1
1
4
2
3
8
1359
antibodies, and 1 of 11 anti-Ro antibodies. Immunodiffusion was much less sensitive, being positive in only
18 (55%) of the patients. It did not detect 5 of 15
anti-U1 RNP antibodies, 6 of 11 anti-Ro antibodies,
both of the antibodies to ribosomes, or the antibodies
that precipitated the Th RNA and the U3 RNA.
DISCUSSION
5
1
0
0
~~
*tRNA = transfer RNA.
determined by the Lerner-Steitz assay (Table 2). Only
3 sera-1 of 8 anti-U1 RNP, 1 of 11 anti-Ro, and 1 of
7 anti-tRNA-failed to precipitate detectable quantities of RNAs. All 3 of these sera had given only weakly
positlive results in the assay using radiolabeled cell
extracts. Although silver appears to stain more sensitively than ethidium bromide, both stains were equally
effective in identifying antibody specificities among
the sera studied here. In contrast, immunodiffusion
was often deficient, especially in the ability to detect
antibodies to U1 RNP.
It was thought that the performance of the
assays described above might have been biased by a
tendency to select more strongly reactive sera for
study. Consequently, a representative group of patients with SLE were examined. In compiling the
group to be studied, one of us (MN), who had no
knowledge of the previous antibody results, reviewed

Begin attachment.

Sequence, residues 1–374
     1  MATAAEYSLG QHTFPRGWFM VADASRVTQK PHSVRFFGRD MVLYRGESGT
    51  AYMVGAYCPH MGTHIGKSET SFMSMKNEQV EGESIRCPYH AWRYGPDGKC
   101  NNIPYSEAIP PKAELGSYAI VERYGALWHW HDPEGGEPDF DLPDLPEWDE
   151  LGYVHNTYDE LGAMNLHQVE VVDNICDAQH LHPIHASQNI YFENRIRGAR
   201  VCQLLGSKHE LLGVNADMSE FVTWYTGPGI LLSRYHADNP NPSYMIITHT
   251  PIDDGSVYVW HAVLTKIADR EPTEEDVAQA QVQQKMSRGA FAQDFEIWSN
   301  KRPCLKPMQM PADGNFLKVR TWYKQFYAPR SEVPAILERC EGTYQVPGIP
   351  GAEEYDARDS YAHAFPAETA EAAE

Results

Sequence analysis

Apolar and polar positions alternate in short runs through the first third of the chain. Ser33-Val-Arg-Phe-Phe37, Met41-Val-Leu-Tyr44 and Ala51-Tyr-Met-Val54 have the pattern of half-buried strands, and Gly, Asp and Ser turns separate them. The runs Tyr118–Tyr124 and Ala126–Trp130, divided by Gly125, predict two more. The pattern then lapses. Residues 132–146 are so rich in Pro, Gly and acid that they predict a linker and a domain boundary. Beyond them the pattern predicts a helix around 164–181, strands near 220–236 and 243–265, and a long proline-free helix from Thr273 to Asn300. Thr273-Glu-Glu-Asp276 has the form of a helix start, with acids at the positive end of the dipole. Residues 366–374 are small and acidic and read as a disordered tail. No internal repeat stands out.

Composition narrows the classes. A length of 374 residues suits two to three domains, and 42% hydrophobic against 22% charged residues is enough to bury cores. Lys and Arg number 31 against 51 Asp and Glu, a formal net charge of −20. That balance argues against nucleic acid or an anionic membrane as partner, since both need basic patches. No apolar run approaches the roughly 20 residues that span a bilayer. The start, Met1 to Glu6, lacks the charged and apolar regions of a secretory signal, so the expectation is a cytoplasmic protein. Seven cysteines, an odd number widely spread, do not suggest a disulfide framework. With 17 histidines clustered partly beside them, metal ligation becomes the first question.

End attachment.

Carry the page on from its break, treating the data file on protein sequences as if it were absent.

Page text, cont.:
the clinical records of all patients; this was followed by
a second review by another author (JAH). All individuals .who unequivocally fulfilled the ARA criteria for
SLE were identified. Patients who were initially referred because of a serologic abnormality and those
with (clinicalfeatures of Sjogren’s syndrome, myositis,
or scleroderma were excluded from the study. Of the
remaining 33 patients (15 of whom were members of
the group depicted in Table 2), 32P-immunoprecipitation assay detected antibodies to 1 or more different
ribonucleoproteins in 26 (79%). In comparison, the
silver stain assay was positive in 25 (76%). However,
among all of the antibodies detected in the 32Passay,
silver staining failed to detect 1 of 3 anti-La antibodies,
the 1J3 antibody (the anti-U3 antibody detected in
Table: 2 was from a different patient with scleroderma),
1 of 2! anti-ribosomal antibodies, 1 of 15 anti-U1 RNP
The Lerner-Steitz assay has provided a highly
sensitive and very specific method for characterizing
antigen-antibody systems that involve ribonucleoprotein particles. For example, antibodies that specifically
precipitate U1, Sm, Ro, and La RNAs, as well as
ribosomal RNA, 5s ribosomal RNA, Th RNA, U3
RNA, U2 RNA, and several subsets of tRNAs, can be
readily identified in patient sera, using this method
(11,12). Approximately 80% of our SLE patients had
antibodies to different ribonucleoproteins that were
detectable in this assay. Moreover, this assay has been
Table 3. Ribonucleoproteins recognized by sera from 33 systemic
lupus erythematosus patients, using different assays
Patient
no.
1
2
3
4
5
6
7
8
9
10
11
12
13
14
15
16
17
18
19
20
21
22
23
24
25
26
27-33
*
t
32p
Silver stain
UI, Sm, Ro*
Ul,* Sm,Ro*
UI, Sm,Ro,* Lat
UI, Sm,Ro*
UI, Sm
U1, Sm
UI*, Sm
UI, U3t
u1
UI
u1*
Ul*
UI*
UI, Ro*
Ult, Ro*
Ro, Th*
Rot
Ro
Ro*
Ro
Ro*
Ro*
Ro*
La
La
rRNA*§
-
UI,
UI,
UI,
UI,
Sm,Ro
Sm, Ro
Sm, Ro
Sm, Ro
UI, Sm
UI, Sm
UI, Sm
UI
UI
u1
UI
UI
UI
UI, Ro
Ro
Ro, Th
Ro